Assertion, Sincerity, and Knowledge

Noûs 47 (4):613-646 (2013)
Abstract
The oddities in lottery cases and Moore’s paradox appear to support the knowledge account of assertion, according to which one should assert only what one knows. This paper preserves an emphasis on epistemic norms but presents grounds for an alternative explanation. The alternative divides the explanandum, explaining the error in lottery and Moorean assertions with one move and their deeper incoherence with another. The error derives from a respect in which the assertions are uninformative: the speaker is not being appropriately responsive to her addressee’s epistemic needs. And the incoherence derives from a deeper respect in which lottery and some (but not all) Moorean assertions are uninformative: it is difficult to see how the speaker’s assertion could express any judgment she has made or would relevantly make, since she transparently lacks epistemic authority to inform any conceivable interlocutor on the subject. This diagnosis suggests an epistemic approach not directly to assertion but to judgment. Without judging that p, how could a speaker be in the business of informing her addressee that p? If the speaker transparently lacks authority to inform anyone whether p – to give anyone her word that p – how could she without confusion count as judging that p?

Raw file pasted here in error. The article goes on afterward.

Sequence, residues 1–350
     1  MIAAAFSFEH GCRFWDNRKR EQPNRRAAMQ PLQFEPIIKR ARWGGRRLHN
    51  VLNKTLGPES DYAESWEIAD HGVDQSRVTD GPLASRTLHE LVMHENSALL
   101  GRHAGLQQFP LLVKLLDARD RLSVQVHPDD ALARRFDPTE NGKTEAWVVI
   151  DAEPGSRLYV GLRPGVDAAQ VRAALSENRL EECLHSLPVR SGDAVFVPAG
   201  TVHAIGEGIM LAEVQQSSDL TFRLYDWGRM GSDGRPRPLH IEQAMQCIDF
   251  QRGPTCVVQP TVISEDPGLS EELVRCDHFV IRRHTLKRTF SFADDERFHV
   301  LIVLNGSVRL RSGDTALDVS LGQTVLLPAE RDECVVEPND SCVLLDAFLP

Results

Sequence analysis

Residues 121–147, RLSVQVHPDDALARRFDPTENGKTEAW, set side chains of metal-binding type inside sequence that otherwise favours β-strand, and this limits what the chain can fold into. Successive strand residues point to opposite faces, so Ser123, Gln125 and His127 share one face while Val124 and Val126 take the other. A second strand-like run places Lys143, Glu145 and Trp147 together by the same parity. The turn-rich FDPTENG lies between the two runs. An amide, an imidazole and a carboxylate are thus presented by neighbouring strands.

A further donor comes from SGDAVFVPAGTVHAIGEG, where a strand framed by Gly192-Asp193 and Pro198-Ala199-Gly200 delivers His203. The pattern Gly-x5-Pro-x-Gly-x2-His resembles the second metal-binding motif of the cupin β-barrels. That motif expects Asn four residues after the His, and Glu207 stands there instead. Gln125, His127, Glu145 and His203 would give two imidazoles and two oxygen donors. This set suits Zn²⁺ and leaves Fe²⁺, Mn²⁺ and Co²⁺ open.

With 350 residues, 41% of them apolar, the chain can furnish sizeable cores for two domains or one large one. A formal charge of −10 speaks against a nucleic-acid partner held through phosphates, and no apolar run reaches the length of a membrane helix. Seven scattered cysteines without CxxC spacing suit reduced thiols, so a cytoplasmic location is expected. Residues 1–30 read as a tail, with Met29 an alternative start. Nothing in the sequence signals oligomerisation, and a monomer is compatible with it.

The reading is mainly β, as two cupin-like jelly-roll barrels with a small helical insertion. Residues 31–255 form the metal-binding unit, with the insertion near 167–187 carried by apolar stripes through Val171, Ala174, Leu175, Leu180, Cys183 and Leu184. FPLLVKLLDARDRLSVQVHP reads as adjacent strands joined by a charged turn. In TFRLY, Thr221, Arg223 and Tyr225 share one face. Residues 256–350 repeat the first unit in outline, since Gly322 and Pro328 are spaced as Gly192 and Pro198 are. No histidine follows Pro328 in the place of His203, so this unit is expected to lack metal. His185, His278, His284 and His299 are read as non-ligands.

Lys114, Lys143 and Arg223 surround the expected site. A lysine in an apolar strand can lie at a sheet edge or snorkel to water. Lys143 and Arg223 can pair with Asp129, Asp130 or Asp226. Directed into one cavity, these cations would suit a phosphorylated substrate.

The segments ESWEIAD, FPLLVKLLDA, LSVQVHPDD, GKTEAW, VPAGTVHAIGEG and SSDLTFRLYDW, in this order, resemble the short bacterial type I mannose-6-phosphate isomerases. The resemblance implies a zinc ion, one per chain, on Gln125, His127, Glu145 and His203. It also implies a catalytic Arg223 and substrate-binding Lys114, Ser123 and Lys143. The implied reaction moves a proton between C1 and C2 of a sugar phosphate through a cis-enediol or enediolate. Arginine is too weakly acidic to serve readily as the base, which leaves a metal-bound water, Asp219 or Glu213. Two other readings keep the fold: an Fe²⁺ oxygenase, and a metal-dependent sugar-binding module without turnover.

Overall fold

Keywords assertion  sincerity  lottery cases  Moore's paradox  norms of assertion
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